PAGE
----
The Drought-Climate Connection
Few challenges today are more global than climate change. Human activities, including the burning of fossil fuels and the destruction of forests, have raised atmospheric carbon dioxide concentrations to levels not seen in the history of human civilization. Communities are feeling the impact as increasing temperatures raise sea level and exacerbate drying that has led to droughts and conditions ripe for forest fires.
Not all warming and drying is anthropogenic, but the changes we see today are happening far faster than natural climate variability alone can account for. To gauge the human role requires a broad understanding of the many influences on global climate.
Lamont scientists across the disciplines have been building knowledge of climate and natural variability for over 65 years from evidence analyzed in deep sea sediment cores collected during half a century of research cruises, cores from ice sheets and corals, chemical changes in the oceans and Earth, and tree ring cores from around the world that have been used to build a growing series of drought atlases mapping wetness and dryness over millennia.
The California Drought
For the first time, scientists this summer were able to use that growing knowledge base to quantify the role that human-induced warming played in the four-year California drought.
Park Williams and colleagues explained that rising temperatures appeared to be making conditions worse in California by driving moisture from plants and soil into the air, worsening the drought by as much as a quarter. The findings suggest that within a few decades, continually increasing temperatures and resulting moisture losses would push California into even more persistent aridity.
“A lot of people think that the amount of rain that falls out of the sky is the only thing that matters,” said Williams, a bioclimatologist at Lamont. “But warming changes the baseline amount of water that’s available to us, because it sends water back into the sky.”
“As time goes on, precipitation will be less able to make up for the intensified warmth,” he said.
The researchers analyzed multiple sets of month-by-month data from 1901 to 2014. They looked at precipitation, temperature, humidity, wind, and other factors. They could find no long-term rainfall trend. But average temperatures have been creeping up—about 2.5° Fahrenheit over the 114-year period, in step with building fossil-fuel emissions. Natural weather variations have made California unusually hot over the last several years; added to this heat was the background trend. When rainfall declined in 2012, the air sucked already scant moisture from soil, trees, and crops.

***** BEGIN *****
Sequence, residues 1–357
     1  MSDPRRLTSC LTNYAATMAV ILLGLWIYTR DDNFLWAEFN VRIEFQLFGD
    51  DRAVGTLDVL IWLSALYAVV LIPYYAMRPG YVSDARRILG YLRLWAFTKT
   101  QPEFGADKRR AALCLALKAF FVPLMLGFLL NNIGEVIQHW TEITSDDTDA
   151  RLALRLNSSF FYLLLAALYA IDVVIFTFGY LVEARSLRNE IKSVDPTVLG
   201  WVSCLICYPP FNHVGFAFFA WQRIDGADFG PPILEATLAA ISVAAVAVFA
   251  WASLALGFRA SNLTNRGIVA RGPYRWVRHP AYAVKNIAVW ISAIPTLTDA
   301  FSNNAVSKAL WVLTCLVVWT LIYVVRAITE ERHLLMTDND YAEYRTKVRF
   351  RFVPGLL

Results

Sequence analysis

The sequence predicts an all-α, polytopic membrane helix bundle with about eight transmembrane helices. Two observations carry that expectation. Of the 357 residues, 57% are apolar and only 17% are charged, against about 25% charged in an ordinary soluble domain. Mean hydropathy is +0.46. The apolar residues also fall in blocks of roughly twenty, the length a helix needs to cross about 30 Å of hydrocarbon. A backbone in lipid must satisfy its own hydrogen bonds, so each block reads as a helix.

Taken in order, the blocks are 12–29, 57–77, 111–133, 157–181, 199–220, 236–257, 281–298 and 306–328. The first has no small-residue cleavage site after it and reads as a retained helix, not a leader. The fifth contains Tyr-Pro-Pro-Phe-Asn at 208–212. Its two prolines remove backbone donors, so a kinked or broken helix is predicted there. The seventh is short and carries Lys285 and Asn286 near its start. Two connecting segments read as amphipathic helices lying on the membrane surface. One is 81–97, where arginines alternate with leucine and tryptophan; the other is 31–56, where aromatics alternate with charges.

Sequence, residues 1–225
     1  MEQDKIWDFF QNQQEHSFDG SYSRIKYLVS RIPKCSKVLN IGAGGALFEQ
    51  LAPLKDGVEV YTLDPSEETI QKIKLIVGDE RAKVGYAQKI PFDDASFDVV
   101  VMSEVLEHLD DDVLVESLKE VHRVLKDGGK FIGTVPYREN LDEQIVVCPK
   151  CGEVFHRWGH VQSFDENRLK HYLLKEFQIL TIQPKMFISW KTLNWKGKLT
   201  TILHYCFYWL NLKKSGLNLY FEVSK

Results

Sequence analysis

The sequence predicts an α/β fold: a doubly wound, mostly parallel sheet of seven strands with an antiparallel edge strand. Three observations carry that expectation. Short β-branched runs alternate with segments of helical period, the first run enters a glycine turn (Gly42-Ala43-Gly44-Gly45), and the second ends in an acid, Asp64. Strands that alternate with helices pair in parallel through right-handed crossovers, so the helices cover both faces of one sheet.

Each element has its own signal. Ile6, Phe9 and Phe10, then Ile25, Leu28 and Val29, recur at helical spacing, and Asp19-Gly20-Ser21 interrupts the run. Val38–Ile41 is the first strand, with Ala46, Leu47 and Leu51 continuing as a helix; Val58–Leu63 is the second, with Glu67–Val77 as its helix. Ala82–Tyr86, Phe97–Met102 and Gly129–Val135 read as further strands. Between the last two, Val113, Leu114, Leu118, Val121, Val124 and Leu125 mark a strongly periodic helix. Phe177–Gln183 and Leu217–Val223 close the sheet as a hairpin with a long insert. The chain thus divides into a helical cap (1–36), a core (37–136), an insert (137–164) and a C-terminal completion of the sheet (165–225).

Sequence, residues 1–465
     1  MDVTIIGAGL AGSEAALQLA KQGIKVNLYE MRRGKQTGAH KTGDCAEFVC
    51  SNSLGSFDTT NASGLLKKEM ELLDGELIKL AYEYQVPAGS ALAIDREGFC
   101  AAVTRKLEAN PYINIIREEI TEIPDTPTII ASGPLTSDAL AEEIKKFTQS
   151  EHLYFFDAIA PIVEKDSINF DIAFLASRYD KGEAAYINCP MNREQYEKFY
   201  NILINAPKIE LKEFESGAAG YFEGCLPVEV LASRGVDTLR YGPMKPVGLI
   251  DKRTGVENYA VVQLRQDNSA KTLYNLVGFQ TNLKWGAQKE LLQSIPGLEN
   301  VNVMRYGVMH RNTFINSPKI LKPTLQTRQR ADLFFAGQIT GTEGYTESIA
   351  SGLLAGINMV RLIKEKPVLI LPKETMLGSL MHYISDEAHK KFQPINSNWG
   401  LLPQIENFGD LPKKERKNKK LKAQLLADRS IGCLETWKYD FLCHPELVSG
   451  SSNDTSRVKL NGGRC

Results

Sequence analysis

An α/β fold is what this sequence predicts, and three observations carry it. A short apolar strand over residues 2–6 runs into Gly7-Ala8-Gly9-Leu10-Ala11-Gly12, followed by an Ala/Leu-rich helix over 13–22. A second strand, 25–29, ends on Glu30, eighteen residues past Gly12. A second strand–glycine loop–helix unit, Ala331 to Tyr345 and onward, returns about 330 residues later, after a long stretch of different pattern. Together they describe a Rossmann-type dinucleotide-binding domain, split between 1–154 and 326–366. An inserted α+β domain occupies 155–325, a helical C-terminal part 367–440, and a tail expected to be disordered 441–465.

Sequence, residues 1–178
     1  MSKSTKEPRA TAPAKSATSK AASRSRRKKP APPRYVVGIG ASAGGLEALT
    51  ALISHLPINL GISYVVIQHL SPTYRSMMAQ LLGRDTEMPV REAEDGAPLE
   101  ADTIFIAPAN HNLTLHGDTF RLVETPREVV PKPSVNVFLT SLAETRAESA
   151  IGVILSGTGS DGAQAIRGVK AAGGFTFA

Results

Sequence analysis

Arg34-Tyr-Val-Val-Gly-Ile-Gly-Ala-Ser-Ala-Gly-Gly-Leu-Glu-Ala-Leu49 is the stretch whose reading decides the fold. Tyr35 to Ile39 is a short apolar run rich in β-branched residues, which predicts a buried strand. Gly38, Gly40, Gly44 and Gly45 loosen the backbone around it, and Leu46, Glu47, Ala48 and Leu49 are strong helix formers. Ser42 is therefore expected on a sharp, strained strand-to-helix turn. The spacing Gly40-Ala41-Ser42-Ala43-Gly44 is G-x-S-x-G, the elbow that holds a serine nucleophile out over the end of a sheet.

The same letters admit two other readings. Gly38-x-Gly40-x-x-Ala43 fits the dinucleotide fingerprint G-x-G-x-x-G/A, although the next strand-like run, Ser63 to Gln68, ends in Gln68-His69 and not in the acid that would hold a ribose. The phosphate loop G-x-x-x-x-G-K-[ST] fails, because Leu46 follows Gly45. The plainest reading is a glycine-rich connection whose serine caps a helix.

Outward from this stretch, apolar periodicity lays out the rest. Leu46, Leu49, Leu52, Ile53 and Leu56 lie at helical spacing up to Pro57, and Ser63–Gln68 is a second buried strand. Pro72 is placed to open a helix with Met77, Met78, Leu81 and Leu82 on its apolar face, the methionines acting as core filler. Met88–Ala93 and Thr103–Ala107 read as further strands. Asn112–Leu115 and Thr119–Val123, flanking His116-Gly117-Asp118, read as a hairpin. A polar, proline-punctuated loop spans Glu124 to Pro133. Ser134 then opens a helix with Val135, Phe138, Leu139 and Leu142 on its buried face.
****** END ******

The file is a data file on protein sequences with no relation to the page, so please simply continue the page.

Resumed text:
Because of the complexity of the data, the scientists put a range on the proportion of the drought caused by global warming. The paper estimates 8 to 27 percent, but Williams said that somewhere in the middle—probably 15 to 20 percent—is most likely. The study suggests that by around the 2060s, more or less permanent drought will settle on the region, interrupted only by the rainiest years.
A Global Challenge
Evidence that the planet has been warming is being documented around the world. During 2015, dendrochronologist Nicole Davi and colleagues published a study using tree rings dating back more than 1,000 years in Mongolia that confirms recent warming in central Asia has no parallel in any known record. Peter deMenocal co-authored a paper reporting analyses of leaf wax in a sediment core from off the Somalia coast that indicated the Horn of Africa has become progressively drier over the past century and is drying at a rate that is both unusual in the context of the past 2,000 years and in step with human-influenced warming. DeMenocal’s study also projects that the drying will continue as the already geopolitically unstable region warms.
Another study, led by Benjamin Cook and co-authored by Jason Smerdon, used evidence of North America’s drought history and measures of soil moisture, precipitation, evaporation, and transpiration, along with climate models, to project conditions in the future. They found that during the second half of this century, the U.S. Southwest and Great Plains will face persistent drought worse than anything seen in at least 1,000 years, with drying driven primarily by human activities. The effects of carbon dioxide on higher average temperature and subsequent drying emerged as a strong signal across several different climate models that they applied.
“Even when selecting for the worst megadrought-dominated period, the 21st century projections make the megadroughts seem like quaint walks through the Garden of Eden,” Smerdon said.
A subsequent paper published by post-doctoral research scientists Justin Mankin highlighted 32 snow-dependent basins worldwide with large populations most at risk of declining meltwater, including northern and central California, the Colorado and Rio Grande rivers, the Atlas basin in Morocco, basins in Europe feeding Spain, southern France, the Balkans and Caucasus, and northern Turkey, and the Zagros Mountains in the Middle East.
The Center for Climate and Life
In many regions of the world, particularly arid environments such as the Middle East and Africa, droughts already threaten food and water security. In 2015, Columbia University established the Center for Climate and Life at Lamont to bring researchers from across the university together for collaborative work focused on climate’s impact on life’s essentials – food, water and shelter, and sustainable energy – and to work with business leaders to turn that knowledge into solutions.
“Climate is changing faster than our ability to keep pace,” said deMenocal, the center’s founding director. “At a time of decreasing federal support for this basic research, we will mobilize our considerable talent to generate the knowledge we need, and to put it to use in the marketplace.”